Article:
Westport Center for the Arts’ Dancing Word initiative brings together poetry and dance – word and action – in an experience that immediately brings John 1:14 to mind.
“The Word became flesh and blood, and moved into the neighborhood.John 1:14 The Message
We saw the glory with our own eyes, the one-of-a-kind glory, like Father, like Son,
Generous inside and out, true from start to finish.”
John 1:14 is my favorite passage when thinking about what it looks like for faith to be put into action right where we live. While there are words, theological implications and even feelings expressed within the pages of the Bible that I don’t understand, I do understand that a man named Jesus took all those words and ideas about living a good life in service to God and others and actually lived them out.
When words met action, the picture became clear.
In the case of Dancing Word, as poets speak their truth, dancers give it flesh, animation, life.
For those like me who are visual learners, this approach is very helpful.
Dancing Word was born during COVID, when performances were confined to Zoom.
WCA President Scott Myers noticed that Glenn Stewart’s poems were very visual and thought it could perhaps be a more impactful online performance if the poems were interpreted by professional dancers.
“In The Dancing Word, the arts of dance and poetry merge to create a performing art and an interpretative art,” Myers said. “This original art form invites the viewer-listener into a unique, inner experience of beauty and meaning.”
That experience is just as powerful, if not more so, in person.
April 2-3, a diverse group of poets and dancers presented a Dancing Word performance called “Shining the Light, Standing in Truth” at the Westport Presbyterian Church.
Poets engaged issues like homelessness in Kansas City, police brutality, racism, sexism and more and professional dancers ranging in age from 17 to 72 and coming from diverse ethic, geographic and economic backgrounds put the words into motion. As the dancers moved past the audience, stirring up the air, it was almost as if you could feel the words.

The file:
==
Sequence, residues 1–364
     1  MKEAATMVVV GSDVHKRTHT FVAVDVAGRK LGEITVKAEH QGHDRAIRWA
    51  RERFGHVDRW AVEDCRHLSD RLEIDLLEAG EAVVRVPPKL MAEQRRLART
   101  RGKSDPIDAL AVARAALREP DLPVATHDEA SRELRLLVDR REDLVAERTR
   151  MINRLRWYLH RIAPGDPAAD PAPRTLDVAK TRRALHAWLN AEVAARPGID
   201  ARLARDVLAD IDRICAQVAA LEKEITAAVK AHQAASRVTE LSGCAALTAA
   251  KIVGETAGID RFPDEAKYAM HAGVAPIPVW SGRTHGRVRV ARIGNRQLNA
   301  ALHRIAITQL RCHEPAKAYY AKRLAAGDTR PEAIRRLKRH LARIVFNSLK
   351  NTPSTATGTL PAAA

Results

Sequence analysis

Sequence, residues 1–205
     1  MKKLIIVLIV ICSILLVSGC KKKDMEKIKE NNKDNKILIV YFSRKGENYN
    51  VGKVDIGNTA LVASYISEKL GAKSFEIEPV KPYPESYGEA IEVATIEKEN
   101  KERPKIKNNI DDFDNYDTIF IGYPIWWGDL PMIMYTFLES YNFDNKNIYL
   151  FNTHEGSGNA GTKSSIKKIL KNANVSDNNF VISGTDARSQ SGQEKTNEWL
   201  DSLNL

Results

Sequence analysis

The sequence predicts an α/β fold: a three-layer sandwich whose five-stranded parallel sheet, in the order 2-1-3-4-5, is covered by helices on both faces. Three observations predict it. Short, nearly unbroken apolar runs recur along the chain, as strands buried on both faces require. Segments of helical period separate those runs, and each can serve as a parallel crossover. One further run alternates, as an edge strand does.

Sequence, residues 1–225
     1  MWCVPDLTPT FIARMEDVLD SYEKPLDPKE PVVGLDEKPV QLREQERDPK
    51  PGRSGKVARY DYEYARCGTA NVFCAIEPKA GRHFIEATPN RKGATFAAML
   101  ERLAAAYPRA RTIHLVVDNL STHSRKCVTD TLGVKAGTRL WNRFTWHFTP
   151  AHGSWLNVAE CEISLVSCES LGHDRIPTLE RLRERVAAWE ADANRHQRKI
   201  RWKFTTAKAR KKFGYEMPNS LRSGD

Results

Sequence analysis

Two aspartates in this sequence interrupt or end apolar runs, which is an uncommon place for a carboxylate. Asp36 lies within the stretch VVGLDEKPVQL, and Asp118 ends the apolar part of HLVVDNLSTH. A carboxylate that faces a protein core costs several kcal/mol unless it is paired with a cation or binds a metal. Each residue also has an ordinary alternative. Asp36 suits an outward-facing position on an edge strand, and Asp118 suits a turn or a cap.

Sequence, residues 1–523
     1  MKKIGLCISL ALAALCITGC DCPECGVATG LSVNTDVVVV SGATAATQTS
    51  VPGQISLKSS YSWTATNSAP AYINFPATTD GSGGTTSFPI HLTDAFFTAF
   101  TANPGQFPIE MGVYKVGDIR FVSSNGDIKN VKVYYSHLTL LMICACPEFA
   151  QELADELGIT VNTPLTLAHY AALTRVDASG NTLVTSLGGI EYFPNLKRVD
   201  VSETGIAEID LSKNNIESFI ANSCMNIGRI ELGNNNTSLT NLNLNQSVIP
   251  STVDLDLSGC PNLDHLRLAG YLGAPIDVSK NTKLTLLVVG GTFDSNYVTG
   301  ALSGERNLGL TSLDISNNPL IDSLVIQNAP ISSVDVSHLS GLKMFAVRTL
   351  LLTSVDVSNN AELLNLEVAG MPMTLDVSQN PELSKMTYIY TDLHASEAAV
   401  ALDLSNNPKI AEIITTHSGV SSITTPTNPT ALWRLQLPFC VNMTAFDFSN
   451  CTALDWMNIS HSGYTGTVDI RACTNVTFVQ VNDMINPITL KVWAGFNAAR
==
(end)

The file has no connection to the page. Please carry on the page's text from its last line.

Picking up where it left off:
If you feel the words, perhaps they have more of a chance to change you? That idea comes with significant potential for transforming our community when the words being animated are Taylor Brown’s lament over police brutality, red lining or the plight of the houseless, Glenn Stewart’s voiced childhood trauma or gender-based injustice, or Karis Harrington’s declaration that she “killed gravity” and can’t be held down anymore.
In Jesus’ day, it took His prophetic voice matched with action to create a stir and following movement that continues to challenge injustice today.
Today, I think it will take prophetic voices inspired by Jesus matched by people willing to put words into action to effect change. While Dancing Word isn’t coming specifically from a Christian perspective, it definitely gives us Christians some food for thought and inspiration for action.
For more WCA events, visit https://wcakc.org/.